Cannes, France— The United States may not be winning any popularity contests in France right now (or vice versa, for that matter). But in one little patch of the country, U.S. cable network executives were greatly missed over the last week.
Officials from the American networks were conspicuous by their absence at the annual MIP-TV program market here, where the programming industry around the world descends to buy and sell TV shows every spring.
Sales teams trying to proffer programming for the services were generally present — particularly those located in offices beyond U.S. shores. That wasn't necessarily true for those in the acquisitions or co-production lines.
Some missing Americans said they were concerned about leaving their children as the war in Iraq exploded. Others didn't come as part of a larger corporate mandate.
Apparently, one TV executive was threatened with boyfriend divorce if she even thought about stepping on a plane.
Some distributors ended up with gaping holes in their dance cards that needed to be refilled at the last minute.
Why not go?
U.S. network executives who did show up were at times surprised and disappointed by the no shows. All in all, because of the threat of terrorism at home, it might have been safer to be in the south of France than in the major urban U.S. hubs where most of the executives live — particularly given France's anti-American stance on the war.
There were bright sides. Buyers had higher hopes of snapping up the next little program gem before rivals had a chance to see it. Sushi lovers expected a much easier time getting a seat at their favorite restaurant, given the huge number of Japanese-executive no-shows.
And at least nine American networks were present and accounted for — including Court TV, the Cartoon Network, Trio, WE: Women's Entertainment, Tech TV and Metro.
But about six other network groups were complete no shows, such as U.S. services from Discovery, National Geographic and Scripps Networks, as well as Oxygen.
Ranks at other networks were decidedly thinned — including MTV Networks' domestic U.S. staff.
Some exhibits were downright spooky. Discovery, which has won awards for its splashy booth designs and is generally a hubbub of activity, looked like a ghost town on Wednesday afternoon, two days into the show. Ditto for Scripps' much more modest booth space.
Major corridors of the Palais des Festivals, where the market is held, were well-populated. The war's effects were seen elsewhere. The Palais section where major Japanese distributors exhibit was almost entirely deserted. A hand-scrawled sign prominently displayed in Nippon Television Network's booth referred to "recent events" as the reason for its staff to stay home.
Many assumed that for Asians, "events" also included the deadly respiratory virus that has been spread through air travel from such countries as China and Singapore to the West.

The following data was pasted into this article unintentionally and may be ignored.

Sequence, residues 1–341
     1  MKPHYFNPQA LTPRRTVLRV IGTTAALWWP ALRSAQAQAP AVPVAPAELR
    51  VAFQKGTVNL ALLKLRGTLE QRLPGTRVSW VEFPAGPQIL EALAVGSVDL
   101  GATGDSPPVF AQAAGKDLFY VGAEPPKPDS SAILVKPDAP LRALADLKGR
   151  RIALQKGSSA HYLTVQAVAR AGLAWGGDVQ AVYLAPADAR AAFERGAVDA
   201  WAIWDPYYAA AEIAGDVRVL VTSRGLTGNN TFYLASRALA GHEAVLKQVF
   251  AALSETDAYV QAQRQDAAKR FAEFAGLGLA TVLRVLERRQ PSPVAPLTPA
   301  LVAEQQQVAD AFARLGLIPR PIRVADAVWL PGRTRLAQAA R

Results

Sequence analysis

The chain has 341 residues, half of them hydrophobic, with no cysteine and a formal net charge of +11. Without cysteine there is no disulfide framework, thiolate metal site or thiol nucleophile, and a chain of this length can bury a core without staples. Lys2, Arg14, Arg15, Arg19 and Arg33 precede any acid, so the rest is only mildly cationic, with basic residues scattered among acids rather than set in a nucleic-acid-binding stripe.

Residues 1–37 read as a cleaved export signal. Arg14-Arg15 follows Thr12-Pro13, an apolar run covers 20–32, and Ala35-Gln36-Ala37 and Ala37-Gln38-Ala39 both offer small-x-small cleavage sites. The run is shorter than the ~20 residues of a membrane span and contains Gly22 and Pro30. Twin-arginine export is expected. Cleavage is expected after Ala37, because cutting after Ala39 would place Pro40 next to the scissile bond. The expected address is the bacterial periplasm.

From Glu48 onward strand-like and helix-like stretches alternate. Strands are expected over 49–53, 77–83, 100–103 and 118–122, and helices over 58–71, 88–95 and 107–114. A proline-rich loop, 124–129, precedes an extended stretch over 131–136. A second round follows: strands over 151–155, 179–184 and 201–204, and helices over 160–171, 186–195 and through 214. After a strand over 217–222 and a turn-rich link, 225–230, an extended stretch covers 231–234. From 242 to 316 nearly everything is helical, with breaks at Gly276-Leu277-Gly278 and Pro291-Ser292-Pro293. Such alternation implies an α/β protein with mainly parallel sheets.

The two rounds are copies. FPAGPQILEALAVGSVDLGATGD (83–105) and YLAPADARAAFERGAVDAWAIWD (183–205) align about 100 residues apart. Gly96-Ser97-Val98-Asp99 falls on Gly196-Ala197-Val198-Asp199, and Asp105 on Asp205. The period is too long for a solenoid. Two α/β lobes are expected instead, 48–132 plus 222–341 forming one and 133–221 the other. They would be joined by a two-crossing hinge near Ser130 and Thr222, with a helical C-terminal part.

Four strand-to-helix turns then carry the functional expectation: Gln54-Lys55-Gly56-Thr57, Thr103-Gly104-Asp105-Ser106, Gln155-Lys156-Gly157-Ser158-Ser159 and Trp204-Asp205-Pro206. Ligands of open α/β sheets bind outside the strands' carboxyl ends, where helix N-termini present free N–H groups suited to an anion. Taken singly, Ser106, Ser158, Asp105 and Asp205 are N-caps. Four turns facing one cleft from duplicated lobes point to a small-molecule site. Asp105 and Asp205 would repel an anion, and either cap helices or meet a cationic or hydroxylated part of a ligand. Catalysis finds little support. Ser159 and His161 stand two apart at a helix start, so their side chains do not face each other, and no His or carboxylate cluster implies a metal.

The number of social gatherings was decidedly thinned. The party-hardy stalwart Hallmark Channel dropped plans for its regular evening cocktail party — particularly as Hallmark Entertainment president Robert Halmi Jr. canceled his plans to attend MIP at the last minute.
Some soirees, such as Tech TV's, were packed. And one executive complained that the hors d'oeuvre table at the opening night MIP-TV reception was licked so clean, so early on, that the table was shiny.
Missing MIP meant more than just giving up a chance to play on the Riviera. It's clear that the market serves an increasingly important role for all cable networks as they try to find less expensive and more creative programming to meet increasingly difficult pricing pressures — at a time when the battle to attract subscribers and (by extension) advertisers has become more fierce.
Making matters all the more crucial, many of the most successful reality shows have originated overseas (think American Idol, Survivor
and The Weakest Link).
But the biggest reality show for most people there was watching events in Iraq unfold on BBC World and CNN International — and the more critical perspective provided by French television.
Attendance was off 10 percent to 20 percent, according to guesstimates from some longtime MIP observers, such as Bill Simon, managing director of the global entertainment and media practice at the executive search firm Korn/Ferry International. In fact, the official figures from the show's organizer, MIDEM, showed about a 10 percent drop, from just over 10,000 attendees at MIP 2002 to about 9,000 last week.
It's not like the sky is falling for U.S. networks that didn't make it. Executives can wait for overseas program distributors come to the States to deliver their pitches.
"But it's spastic" that way, said Judith Orlowski, vice president of program planning and acquisitions at WE, who had a particular eye out for format and reality TV opportunities.
"You don't get all the ideas at one time and have a chance to regurgitate it for other people in the office."
Added Terry Kalagian, vice president of programming at Cartoon Networks International: "The value of the international market is the quantity of programming that comes out of them."
Noted MTV: Music Television vice president of co-productions Elizabeth Skoler, "It's the face-to-face meetings that are indispensable."
This much was clear. "If you were counting on MIP to see the American buyers, your spirits were definitely dampened," said Gary Lico, CEO of the Connecticut-based distribution company Cable Ready Corp.
"But the benefit is, the networks will probably be more attentive when I get back," he added. "I'll probably be on the shuttle to D.C. next week."